NEW YORK (
) -- Foreclosures, regulation and the issues surrounding mortgage securitization placed doubts in the minds of many regarding the future of monoline insurers.
But events over the past month -- including a major bankruptcy -- has cemented a dark future for the financial guaranty business in the minds of many industry professionals.
"I don't think there is any future for any of the bond insurers," says Edward Grebeck, CEO of Tempus Advisors in a video interview with
Grebeck argues that a major revenue stream for the monolines, in the form of backing local government-backed debt, has been all but cut off. "No one is going to wrap [municipal bonds]. Basically, the investment market has gotten used to the idea of unwrapped municipal bonds."
's bankruptcy filing has left only two players --
(MBI - Get Report)
(AGO - Get Report)
-- in the municipal bond business.
Only Assured Guaranty writing new business, and it recently received a downgrade by Standard & Poor's from a
AAA to AA+
based on the uncertainty surrounding the industry. Without AAA ratings, it's harder for these companies to sell new coverage.
Grebeck argues that financial guarantors have historically underpriced the risk on the bonds they are wrapping. The insurance operations of Ambac and MBIA, in particular, were placed in run-off after losses on subprime mortgages and home-equity loans.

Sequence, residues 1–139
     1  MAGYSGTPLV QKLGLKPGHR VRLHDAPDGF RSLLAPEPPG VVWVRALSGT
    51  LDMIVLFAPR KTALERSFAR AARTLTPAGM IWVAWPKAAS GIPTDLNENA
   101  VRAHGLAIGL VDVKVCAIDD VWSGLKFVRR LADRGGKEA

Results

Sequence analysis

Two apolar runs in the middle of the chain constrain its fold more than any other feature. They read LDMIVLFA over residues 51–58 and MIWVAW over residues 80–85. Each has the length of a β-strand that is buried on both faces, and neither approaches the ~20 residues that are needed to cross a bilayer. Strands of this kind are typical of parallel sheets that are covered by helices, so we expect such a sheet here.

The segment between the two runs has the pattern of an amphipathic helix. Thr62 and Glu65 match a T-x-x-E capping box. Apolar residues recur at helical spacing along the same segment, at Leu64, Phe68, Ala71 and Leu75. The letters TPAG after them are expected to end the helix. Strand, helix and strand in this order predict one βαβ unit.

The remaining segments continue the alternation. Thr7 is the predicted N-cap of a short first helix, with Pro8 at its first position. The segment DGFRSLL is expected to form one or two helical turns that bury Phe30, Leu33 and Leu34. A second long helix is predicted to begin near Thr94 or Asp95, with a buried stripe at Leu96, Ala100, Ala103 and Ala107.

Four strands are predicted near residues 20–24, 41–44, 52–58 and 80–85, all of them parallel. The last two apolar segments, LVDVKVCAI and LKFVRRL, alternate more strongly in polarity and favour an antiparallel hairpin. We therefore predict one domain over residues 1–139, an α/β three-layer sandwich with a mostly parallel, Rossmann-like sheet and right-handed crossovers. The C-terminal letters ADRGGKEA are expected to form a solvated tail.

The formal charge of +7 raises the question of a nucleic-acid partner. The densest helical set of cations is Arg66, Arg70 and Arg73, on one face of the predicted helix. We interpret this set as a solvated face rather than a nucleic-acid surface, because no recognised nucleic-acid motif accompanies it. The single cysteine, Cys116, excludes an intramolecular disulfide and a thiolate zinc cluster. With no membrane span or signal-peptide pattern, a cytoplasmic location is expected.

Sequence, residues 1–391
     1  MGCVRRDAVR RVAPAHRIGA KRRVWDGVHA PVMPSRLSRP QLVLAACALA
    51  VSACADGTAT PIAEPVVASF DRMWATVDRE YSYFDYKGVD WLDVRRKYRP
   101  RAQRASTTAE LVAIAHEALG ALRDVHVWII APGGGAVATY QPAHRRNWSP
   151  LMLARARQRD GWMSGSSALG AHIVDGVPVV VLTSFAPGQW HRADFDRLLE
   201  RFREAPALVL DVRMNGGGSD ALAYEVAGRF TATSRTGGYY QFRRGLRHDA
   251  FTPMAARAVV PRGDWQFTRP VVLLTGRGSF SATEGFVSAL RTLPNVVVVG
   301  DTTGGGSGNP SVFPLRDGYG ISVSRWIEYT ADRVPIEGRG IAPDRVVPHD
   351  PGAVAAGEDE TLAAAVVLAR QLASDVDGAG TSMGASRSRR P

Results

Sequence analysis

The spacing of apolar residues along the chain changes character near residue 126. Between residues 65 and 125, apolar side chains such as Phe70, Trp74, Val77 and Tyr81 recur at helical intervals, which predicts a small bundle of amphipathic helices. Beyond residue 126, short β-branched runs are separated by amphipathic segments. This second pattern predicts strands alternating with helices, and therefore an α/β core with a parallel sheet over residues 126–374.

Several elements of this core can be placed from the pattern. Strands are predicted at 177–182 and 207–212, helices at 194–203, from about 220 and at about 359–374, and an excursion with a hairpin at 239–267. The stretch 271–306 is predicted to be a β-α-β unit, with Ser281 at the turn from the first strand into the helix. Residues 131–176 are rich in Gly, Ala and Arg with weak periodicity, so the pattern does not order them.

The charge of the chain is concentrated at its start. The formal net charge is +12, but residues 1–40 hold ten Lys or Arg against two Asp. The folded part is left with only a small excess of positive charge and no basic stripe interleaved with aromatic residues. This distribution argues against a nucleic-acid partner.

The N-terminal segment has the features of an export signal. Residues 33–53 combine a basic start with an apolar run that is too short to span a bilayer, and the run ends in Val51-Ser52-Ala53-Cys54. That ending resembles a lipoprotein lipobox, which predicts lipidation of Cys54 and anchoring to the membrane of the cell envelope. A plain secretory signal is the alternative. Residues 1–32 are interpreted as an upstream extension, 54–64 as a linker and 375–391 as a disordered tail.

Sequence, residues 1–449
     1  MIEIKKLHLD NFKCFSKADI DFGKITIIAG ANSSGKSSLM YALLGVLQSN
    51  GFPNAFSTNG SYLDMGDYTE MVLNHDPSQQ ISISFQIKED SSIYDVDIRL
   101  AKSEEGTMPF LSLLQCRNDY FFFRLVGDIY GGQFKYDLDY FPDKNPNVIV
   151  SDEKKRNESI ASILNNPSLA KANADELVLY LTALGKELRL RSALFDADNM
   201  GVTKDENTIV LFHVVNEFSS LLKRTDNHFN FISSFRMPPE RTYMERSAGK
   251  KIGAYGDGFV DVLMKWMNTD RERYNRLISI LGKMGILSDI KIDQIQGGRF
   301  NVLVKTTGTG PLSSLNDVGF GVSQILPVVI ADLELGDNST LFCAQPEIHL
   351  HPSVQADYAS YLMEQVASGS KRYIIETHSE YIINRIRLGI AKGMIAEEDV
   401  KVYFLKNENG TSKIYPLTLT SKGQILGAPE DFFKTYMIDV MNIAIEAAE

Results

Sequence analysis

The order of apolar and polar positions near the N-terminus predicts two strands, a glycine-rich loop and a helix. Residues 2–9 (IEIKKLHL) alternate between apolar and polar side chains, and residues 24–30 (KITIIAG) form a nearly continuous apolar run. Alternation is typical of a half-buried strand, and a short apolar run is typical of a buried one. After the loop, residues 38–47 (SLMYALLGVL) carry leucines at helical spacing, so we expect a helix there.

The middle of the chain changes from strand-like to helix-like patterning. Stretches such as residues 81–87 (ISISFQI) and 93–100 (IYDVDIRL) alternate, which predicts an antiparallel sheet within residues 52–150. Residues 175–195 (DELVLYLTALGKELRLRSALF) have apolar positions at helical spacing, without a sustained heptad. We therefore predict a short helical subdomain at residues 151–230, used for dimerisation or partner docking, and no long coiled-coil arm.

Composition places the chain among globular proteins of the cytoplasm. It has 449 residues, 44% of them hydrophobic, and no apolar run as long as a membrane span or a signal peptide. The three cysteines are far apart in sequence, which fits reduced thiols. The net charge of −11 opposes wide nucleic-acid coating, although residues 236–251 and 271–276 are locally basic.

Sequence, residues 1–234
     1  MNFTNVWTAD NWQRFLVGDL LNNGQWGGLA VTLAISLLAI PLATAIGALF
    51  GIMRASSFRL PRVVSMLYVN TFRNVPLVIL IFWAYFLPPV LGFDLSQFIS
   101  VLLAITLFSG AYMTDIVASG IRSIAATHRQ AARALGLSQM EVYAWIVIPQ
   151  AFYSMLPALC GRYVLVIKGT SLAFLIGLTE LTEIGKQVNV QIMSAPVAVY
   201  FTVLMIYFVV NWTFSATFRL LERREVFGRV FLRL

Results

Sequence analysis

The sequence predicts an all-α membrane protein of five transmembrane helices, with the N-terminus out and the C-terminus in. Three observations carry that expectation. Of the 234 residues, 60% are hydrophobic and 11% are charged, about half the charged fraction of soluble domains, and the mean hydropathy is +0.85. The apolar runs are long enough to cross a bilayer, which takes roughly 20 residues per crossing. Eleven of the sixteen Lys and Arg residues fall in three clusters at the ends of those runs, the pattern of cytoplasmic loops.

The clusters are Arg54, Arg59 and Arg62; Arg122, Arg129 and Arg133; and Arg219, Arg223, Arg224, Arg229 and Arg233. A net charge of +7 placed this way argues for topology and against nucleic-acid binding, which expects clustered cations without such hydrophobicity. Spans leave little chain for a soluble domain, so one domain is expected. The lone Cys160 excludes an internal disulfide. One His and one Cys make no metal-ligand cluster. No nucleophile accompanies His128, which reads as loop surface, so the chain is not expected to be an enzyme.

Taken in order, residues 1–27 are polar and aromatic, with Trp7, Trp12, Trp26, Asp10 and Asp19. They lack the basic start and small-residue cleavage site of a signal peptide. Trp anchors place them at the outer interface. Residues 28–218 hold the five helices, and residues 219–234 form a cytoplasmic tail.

Morningstar Analyst Jim Ryan does not project as dire consequences for the monoline industry. "I do believe there is a need for some bond insurance, mainly limited to muni bonds," Ryan told
Ryan argues that Assured Guaranty's business model will pave the future for the municipal bond business. Ryan says Assured Guaranty's business is strong, adding the firm underwrote 10 percent of all municipal bonds, issued 24 percent of the A-rated bonds and wrapped 14 mini bonds over $1 billion in the third quarter.
Ryan argues that that while the industry will be much smaller, but is still needed.